We provide an in-browser coding editor for you here on Khan Academy to make it easy for you to try out HTML, get immediate feedback, and share your work.
However, our coding editor doesn't let you try everything—both for security reasons and because it's hard to host a full-featured editor in such a small space!
Once you learn HTML/CSS here, you will likely want to start developing webpages in a more full-featured editor outside of Khan Academy, which would add features like multiple files, file search, and custom plugins. In any editor that you use, make sure you save your file with a filename that ends in ".html"— that's the file extension that is used for all HTML pages to make sure that both editors and browsers know what they are.
One option is to use an online editor, similar to ours but with additional features. You might want to use an online editor if you have a computer that doesn't let you download apps, like a ChromeBook. Online editors often have multi-person realtime editing tools as well, if that's something you're looking for. Some popular online editors are Cloud9.io, nitrous.io, and Koding.com. Here's a video of me editing a webpage in Cloud9:
Another option is to use a desktop editor. An app is downloaded to your computer and saves the files to your hard drive. There are lots of desktop editors for you to pick from, depending on what OS and price you're looking for. Some popular desktop editors are Sublime Text, Coda, Atom, and Adobe Brackets. Here's a video of me editing a webpage in Sublime Text:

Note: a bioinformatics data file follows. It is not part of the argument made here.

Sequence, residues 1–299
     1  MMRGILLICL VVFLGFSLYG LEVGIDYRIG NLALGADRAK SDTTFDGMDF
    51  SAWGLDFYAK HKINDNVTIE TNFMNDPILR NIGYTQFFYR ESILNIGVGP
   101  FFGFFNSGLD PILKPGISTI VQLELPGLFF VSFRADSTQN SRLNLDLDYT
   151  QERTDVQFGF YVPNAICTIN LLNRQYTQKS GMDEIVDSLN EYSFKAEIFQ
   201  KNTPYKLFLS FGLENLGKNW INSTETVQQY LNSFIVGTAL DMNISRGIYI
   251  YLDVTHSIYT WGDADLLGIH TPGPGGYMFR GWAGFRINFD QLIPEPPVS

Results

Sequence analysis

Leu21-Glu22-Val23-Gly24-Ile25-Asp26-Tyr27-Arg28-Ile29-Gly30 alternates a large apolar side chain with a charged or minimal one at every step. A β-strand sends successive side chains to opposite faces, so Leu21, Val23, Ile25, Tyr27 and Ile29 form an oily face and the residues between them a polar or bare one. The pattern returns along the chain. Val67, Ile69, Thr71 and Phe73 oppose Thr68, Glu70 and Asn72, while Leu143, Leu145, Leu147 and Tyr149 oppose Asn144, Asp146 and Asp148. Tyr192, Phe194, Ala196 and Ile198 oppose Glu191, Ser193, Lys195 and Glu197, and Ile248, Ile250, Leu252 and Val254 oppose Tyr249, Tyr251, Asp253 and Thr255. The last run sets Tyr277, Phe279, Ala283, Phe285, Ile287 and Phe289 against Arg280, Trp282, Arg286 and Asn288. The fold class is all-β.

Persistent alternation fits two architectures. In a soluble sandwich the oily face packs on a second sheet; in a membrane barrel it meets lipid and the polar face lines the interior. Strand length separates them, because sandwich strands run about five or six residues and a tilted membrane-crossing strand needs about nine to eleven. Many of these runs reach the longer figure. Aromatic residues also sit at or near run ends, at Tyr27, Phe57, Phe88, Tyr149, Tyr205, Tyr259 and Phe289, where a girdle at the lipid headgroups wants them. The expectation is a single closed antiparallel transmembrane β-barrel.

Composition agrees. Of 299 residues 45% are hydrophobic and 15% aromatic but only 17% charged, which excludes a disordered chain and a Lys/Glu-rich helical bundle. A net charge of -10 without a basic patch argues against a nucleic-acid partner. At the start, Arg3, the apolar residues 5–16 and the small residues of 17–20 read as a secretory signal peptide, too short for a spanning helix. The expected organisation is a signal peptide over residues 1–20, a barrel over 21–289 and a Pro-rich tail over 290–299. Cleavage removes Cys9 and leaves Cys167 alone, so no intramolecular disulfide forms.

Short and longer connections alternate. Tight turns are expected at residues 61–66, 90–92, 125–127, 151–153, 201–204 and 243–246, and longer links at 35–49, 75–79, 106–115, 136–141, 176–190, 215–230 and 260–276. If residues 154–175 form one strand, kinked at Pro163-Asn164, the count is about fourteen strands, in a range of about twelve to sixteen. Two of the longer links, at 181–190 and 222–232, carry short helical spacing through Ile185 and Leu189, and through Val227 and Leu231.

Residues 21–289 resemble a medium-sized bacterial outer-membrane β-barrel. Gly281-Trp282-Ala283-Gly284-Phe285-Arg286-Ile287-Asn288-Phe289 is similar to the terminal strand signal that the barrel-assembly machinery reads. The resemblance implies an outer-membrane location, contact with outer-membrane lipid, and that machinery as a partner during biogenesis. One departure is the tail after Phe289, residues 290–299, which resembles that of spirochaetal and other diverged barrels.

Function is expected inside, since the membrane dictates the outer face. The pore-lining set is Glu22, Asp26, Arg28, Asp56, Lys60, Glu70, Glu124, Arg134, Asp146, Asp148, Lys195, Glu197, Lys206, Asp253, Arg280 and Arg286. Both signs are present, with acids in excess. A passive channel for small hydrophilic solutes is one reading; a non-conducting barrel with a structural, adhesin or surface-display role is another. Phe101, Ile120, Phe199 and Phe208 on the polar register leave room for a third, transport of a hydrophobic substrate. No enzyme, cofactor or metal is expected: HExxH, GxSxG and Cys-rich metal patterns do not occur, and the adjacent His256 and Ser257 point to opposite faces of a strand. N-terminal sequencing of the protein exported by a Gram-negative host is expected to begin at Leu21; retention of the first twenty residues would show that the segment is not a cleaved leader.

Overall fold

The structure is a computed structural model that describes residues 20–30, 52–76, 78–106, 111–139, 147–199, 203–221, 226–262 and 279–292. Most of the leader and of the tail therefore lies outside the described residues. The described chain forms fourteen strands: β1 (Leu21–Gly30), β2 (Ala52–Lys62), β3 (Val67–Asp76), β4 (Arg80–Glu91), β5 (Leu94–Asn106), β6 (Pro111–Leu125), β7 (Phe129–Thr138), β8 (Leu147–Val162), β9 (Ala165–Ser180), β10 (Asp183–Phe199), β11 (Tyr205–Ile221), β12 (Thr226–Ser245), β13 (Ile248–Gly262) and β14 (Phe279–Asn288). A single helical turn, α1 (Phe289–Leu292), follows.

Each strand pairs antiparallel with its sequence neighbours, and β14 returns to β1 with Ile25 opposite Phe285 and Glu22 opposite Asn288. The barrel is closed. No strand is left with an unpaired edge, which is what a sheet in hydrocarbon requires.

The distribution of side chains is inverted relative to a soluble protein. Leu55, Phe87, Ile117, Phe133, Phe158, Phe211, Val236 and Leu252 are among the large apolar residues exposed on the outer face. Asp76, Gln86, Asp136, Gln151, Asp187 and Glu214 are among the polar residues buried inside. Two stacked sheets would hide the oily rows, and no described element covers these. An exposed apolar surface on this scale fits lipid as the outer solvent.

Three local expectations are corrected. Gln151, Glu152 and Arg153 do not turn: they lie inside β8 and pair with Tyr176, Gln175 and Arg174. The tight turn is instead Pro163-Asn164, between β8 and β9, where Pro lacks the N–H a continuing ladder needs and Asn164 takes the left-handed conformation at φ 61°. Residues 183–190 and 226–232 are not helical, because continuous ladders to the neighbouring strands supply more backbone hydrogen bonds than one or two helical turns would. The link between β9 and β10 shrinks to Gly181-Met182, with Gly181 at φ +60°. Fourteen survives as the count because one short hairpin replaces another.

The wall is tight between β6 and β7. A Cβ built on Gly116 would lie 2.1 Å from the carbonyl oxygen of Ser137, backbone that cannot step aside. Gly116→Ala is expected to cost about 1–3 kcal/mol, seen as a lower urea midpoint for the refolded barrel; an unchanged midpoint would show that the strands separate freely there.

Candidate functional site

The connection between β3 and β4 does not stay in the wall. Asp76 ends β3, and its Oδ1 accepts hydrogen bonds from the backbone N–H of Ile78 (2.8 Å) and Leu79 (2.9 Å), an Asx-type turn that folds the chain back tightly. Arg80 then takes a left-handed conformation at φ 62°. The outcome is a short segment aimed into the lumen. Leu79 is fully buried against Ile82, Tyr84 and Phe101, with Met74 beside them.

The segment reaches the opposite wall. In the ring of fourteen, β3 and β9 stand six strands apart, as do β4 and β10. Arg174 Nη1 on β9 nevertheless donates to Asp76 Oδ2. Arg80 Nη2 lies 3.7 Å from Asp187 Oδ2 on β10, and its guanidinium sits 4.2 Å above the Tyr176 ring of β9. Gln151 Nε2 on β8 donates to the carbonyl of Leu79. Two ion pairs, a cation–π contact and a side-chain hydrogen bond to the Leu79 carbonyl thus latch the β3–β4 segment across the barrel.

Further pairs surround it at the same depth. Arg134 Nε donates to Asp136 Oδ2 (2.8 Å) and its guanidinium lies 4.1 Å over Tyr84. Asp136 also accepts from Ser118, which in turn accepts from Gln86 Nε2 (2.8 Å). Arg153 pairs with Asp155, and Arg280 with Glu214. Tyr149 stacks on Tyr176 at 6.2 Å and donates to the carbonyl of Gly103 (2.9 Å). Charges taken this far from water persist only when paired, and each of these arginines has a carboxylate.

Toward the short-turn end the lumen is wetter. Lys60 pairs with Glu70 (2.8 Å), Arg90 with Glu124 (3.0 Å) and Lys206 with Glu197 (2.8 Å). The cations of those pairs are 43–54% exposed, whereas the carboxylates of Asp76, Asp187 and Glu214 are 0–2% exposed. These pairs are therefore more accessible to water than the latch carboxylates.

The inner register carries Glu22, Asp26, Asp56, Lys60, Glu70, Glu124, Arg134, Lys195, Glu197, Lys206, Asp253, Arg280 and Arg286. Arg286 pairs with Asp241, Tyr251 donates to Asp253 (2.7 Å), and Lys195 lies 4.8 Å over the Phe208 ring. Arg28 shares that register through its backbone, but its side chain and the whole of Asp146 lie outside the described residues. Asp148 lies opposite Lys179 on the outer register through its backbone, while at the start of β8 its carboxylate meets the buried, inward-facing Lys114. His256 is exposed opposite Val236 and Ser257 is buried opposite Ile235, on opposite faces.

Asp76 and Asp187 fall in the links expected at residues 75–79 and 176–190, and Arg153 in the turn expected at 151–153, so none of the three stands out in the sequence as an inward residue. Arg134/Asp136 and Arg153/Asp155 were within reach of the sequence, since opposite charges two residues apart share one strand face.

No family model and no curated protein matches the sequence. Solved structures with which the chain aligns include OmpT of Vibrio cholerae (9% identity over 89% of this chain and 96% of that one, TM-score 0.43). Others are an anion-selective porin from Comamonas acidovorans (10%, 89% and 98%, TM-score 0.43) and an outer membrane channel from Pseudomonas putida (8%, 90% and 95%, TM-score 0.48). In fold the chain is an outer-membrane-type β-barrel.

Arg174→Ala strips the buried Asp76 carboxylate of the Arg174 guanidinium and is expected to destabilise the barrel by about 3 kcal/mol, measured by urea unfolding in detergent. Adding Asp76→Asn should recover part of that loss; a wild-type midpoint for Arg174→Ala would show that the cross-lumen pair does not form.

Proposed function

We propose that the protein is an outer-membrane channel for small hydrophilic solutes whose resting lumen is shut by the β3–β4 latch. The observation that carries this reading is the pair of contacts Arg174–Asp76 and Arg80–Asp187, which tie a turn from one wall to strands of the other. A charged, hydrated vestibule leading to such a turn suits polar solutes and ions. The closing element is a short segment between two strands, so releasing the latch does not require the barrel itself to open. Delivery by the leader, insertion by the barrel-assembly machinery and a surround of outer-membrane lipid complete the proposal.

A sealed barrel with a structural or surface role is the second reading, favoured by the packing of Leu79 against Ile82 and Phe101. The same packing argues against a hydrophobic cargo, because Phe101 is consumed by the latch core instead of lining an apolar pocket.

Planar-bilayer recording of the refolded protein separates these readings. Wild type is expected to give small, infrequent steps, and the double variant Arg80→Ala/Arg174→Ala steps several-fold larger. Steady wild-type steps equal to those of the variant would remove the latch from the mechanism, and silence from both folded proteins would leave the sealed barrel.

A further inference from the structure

A third option is to use a command-line editor. If you're not already familiar with the command line, you probably don't want to go down this route since you'll also need to learn a lot about the command line first. On the other hand, if you love typing and navigating with your keyboard instead of your mouse, you might find you love command-line tools. Two popular command-line editors are Emacs and Vim, and they are often already installed on Unix-based systems like Macs and Linux. Here's a video of me editing a webpage in Vim:
Picking an editor
Which one should you pick? Well, you're welcome to just keep using the Khan Academy HTML/CSS editor for now. Eventually though, you'll want to get comfortable with at least one other editor. You might want to try out a couple different free options and see which one you like the most. You can also ask around to see what friends and colleagues use. It's often helpful to use whichever tool is most popular with your peers because then you can ask them for help.
P.S. I polled the Khan Academy engineering team, and here's what we use:
Bar chart of editor preference—Sublime Text, Vim, Emacs, Atom, in that order.